Ever had this happen?

I inspected a condo today, and found very little issues, but I am hesitant about the electrical panel. The owners have had the walls painted recently, and the new paint is adhered to the edges of the panel cover. If I pulled the cover off, the paint would be peeled back, making a very ugly wall.
I called the buyer’s and seller’s agent over to see it, and explained that I would not be pulling the cover off, and why. I explained that this is a very important part of the inspection and why.
There were no tripped breakers, nor any turned off. I have inspected a different unit in the same building, and found the wiring there to be in excellent shape. The buyer was not present, but I’m sending him an email, explaining this issue.
I thought about using a knife to separate the paint, but I feel sure I would have screwed it up and made more of a mess.
Any thoughts or suggestions?

I use a box cutter and just run it around the panel two or three times and it has always worked for me.
I am very carefull removing the panel trim and if I see it is sticking I cut some more .
Some times I am through the dry wall paper into the plaster but I have been lucky so far.
… Cookie

That was my concern - it’s a high-end condo, the panel is in the entry foyer - I just didn’t want to ruin the nice, new paint job!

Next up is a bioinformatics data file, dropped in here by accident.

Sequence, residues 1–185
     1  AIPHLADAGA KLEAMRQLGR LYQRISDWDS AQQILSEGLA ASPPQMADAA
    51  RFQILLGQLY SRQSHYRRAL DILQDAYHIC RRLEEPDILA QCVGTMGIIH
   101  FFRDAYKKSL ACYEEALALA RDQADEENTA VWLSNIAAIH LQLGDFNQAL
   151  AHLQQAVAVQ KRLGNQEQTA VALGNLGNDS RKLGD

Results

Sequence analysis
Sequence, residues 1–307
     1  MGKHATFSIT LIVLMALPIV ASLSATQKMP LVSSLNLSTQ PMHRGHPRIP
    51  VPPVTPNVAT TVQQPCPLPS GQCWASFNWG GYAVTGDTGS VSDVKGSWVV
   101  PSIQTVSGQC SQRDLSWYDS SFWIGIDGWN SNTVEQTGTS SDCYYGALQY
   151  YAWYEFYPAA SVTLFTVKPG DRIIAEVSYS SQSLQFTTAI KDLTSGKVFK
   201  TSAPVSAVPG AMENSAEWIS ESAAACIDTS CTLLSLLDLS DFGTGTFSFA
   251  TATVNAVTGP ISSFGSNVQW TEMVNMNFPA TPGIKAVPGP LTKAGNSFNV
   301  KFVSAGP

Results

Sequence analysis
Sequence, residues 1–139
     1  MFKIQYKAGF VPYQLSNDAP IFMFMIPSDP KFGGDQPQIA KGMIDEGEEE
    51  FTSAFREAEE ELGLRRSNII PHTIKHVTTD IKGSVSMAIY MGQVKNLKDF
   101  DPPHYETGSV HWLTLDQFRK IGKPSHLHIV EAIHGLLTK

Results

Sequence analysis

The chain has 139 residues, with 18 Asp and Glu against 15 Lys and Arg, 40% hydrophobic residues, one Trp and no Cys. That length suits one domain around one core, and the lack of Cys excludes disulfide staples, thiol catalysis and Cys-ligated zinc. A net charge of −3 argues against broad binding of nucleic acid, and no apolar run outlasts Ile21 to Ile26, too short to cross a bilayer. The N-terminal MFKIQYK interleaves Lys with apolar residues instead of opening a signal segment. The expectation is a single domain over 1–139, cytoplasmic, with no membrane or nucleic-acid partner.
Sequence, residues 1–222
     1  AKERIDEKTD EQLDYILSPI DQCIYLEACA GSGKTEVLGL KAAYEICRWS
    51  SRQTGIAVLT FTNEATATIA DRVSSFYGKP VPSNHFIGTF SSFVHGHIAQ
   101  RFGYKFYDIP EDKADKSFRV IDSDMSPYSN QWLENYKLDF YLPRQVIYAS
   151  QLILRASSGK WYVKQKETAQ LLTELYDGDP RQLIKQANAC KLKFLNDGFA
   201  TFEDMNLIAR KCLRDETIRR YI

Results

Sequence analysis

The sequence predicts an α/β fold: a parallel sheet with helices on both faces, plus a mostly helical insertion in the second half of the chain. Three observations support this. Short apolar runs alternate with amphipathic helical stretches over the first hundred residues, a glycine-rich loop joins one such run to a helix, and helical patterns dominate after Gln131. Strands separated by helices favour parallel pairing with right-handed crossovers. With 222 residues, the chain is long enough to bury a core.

Andrew . . . I’ve screwed up many a walls . . . if I remember correctly, the panel cover shouldn’t be painted in the first place . . . if I’m wrong, someone will be along to correct me . . . but I take the cover off to inspect what’s behind, sorry if my knife slipped, but I do it, I want to know what’s there . . . to many handy-dandy men who add or subtract in there handy-dandy home projects . . . hope this helps.

No, the cover wasn’t painted, and had to have been taped off, because there was no paint at all on the cover - it’s just that when I took out the screws, and pulled the cover, I could see the paint pulling up, so I stopped. As I said, the buyer (my client) wasn’t present. I think I’m going to offer to be present at his walk-thru, and I’ll have a sharp blade handy…

I once had to pay to have a wall painted because the paint pulled back from the wall. That was in my early days. Now if I cannot get the cover off (without ruining the wall) I report it as such and recommend the seller remove the panel cover for inspection prior to closing, or I ask the seller to remove the panel cover for me. I have only been refused once.

Unfortunately this is a grey area, as we (and our client) are bound to leave the homes in the same shape that we found them. Most times the sellers dont complain, but every now and then you run into that anal person. I also inform them that it is their repsponsibililty to have the home ready for inspection, and that the inside of the box is supposed to be accessible. If they refuse to co-operate, I explain that I will be glad to come back and inspect for a fee (which is their or their agents responsiblilty to pay - no different from the water being off).

I cut the paint seal and inspect it. Never had a complaint. Personally, I feel a painted panel is an insufficient reason for not performing an inspection of the panel. If I were to get some complaint about it, I’d probably go over and do some touchup myself if that’s what it took. But the client is paying me good money for an inspection, and I’m going to remove the cover unless it’s blocked in some way or unsafe.

I’m more concerned about my clients getting a thorough inspection than the homeowner getting a burr under their saddle for some nit-picky issue like paint.